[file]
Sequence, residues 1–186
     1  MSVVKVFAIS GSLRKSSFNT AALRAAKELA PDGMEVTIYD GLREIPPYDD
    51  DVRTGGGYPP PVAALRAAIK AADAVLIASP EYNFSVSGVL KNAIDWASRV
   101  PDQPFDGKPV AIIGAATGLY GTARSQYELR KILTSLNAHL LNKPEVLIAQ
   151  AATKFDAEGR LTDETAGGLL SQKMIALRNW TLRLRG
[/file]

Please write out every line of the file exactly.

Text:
Sequence, residues 1–186
     1  MSVVKVFAIS GSLRKSSFNT AALRAAKELA PDGMEVTIYD GLREIPPYDD
    51  DVRTGGGYPP PVAALRAAIK AADAVLIASP EYNFSVSGVL KNAIDWASRV
   101  PDQPFDGKPV AIIGAATGLY GTARSQYELR KILTSLNAHL LNKPEVLIAQ
   151  AATKFDAEGR LTDETAGGLL SQKMIALRNW TLRLRG